The circumstances of the attacks on the substations—including the fact that two of them were disabled by gunfire directed precisely at targets that would bring down the grid, indicating possible coordinated action and the likelihood of more than one perpetrator, as well as their timing at around the same time as a scheduled drag queen show that drew far-right protesters—certainly point in the direction of domestic terrorism.
Researcher Joshua Fisher-Birch of the Counter Extremism Project told KUOW/OPB that the some extremists were energized by the attacks in North Carolina and those in the Northwest.
“The recent substation attacks have been spoken about in glowing terms by certain members of the extreme right, particularly by neo-Nazi accelerationists and white supremacist accelerationists who subscribe to this ideology where they want to push chaos,” Fisher-Birch said.
A manual describing how to attack power substations—identifying what facilities and which pieces of equipment to target—has been circulating widely in far-right forums since last summer. As Eric Ward of the Western States Center observed to KUOW/OPB, the manuals are designed to invoke crude video games, and even tap into cosplay subculture.
“White nationalists have tapped into gaming and ‘cosplay’ in order to convince individuals that what they’re engaging in is nothing more than play and gaming,” Ward said. “It downplays the real consequences.”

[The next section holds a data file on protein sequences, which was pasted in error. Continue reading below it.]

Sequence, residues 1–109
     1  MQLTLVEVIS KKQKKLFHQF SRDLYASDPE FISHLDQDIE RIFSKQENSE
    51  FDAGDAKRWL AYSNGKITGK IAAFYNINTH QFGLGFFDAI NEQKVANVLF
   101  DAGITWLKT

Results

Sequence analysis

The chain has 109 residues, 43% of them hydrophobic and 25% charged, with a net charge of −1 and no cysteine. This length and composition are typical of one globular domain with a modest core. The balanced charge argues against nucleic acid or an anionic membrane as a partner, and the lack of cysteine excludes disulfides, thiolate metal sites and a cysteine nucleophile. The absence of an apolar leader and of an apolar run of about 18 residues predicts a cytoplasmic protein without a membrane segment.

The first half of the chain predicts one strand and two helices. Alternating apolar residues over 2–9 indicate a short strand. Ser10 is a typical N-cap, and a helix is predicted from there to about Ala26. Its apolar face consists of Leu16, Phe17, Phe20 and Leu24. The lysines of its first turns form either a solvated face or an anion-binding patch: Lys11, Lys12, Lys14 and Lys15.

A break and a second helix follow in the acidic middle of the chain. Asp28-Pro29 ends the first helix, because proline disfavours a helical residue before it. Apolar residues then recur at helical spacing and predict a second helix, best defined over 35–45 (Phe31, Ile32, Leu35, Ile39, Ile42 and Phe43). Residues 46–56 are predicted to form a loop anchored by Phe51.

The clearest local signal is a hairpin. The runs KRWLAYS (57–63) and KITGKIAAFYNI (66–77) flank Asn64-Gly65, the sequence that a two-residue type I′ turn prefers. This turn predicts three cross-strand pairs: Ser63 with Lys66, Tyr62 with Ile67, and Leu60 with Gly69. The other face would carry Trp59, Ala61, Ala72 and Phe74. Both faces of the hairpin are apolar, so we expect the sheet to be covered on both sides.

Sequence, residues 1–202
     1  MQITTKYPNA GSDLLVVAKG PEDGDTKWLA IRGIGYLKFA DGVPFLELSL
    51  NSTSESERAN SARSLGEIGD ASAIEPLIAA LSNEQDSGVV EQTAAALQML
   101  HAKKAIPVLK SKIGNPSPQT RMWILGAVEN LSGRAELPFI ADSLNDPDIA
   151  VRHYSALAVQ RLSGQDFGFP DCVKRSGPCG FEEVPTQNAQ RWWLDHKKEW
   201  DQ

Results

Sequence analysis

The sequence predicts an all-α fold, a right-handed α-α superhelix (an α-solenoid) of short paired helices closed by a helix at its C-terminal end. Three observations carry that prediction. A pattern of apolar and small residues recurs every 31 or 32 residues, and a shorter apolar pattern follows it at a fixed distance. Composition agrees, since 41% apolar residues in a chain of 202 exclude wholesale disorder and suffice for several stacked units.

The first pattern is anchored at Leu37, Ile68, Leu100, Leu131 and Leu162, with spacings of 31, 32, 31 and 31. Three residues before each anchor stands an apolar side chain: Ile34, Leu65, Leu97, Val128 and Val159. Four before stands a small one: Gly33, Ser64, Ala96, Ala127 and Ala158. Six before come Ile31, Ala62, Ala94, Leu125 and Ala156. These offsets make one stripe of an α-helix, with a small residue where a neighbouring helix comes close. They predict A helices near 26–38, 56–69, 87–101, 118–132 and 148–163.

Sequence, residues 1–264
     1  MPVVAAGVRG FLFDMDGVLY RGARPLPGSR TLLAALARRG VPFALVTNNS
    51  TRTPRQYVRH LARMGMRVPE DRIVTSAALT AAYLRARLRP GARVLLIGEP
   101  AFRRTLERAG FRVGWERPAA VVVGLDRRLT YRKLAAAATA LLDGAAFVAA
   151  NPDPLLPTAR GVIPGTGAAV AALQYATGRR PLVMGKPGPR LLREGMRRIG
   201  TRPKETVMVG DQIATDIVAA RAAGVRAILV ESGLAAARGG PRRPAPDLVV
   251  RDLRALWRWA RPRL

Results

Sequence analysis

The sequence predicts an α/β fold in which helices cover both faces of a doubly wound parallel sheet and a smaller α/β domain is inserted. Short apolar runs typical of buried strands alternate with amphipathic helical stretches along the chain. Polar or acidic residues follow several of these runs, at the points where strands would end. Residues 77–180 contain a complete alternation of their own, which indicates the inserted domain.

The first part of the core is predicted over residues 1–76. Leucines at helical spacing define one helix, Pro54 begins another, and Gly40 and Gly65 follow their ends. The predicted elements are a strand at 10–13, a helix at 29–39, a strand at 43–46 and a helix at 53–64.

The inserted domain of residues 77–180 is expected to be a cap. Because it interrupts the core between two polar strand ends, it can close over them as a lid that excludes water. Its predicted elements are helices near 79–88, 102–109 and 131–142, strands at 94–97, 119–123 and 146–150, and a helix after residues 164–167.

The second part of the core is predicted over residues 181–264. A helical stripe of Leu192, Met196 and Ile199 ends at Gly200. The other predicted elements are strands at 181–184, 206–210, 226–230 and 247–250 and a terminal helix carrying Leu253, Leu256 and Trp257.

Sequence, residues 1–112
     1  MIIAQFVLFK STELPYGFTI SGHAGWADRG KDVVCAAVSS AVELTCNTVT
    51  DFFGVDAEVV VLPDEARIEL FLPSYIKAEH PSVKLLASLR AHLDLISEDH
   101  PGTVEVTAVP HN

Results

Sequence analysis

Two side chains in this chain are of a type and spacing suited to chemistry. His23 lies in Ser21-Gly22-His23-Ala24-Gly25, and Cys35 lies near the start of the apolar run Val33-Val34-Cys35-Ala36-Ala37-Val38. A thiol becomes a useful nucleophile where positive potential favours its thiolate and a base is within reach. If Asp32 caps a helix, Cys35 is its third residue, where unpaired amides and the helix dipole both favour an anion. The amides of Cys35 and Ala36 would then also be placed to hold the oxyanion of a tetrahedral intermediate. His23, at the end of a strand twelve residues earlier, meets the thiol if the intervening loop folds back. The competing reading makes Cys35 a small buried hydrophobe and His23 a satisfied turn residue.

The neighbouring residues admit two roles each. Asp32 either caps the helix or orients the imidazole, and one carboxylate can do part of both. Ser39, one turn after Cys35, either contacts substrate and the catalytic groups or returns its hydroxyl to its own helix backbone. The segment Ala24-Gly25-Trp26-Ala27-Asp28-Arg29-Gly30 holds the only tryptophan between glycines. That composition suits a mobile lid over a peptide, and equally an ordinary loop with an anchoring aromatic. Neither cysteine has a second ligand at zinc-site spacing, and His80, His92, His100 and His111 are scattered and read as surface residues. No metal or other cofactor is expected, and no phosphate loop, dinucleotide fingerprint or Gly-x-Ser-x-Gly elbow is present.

One reason to suspect these extremist manuals as a source of motivation for the attacks is that a number of the physical attacks have featured certain targeted pieces of equipment that are also identified in those manuals as to knocking out power. The techniques used in June by the Morton substation attacker appear to have been incorporated in several of the other Northwest attacks later on. At least two of the 15 attacks in the Northwest also involved firearms.
Federal authorities in the West have taken an intense interest in the attacks in no small part because the region has been a hotspot for intentional damage to electrical infrastructure, as well as interest in targeting, suggested by the Idaho gang’s assassination plot. As KUOW/OPB notes: “The western grid, serving 11 western states and the provinces of British Columbia and Alberta, has had more vandalism, sabotage, and physical attacks reported in the first eight months of 2022 than the rest of North America combined.”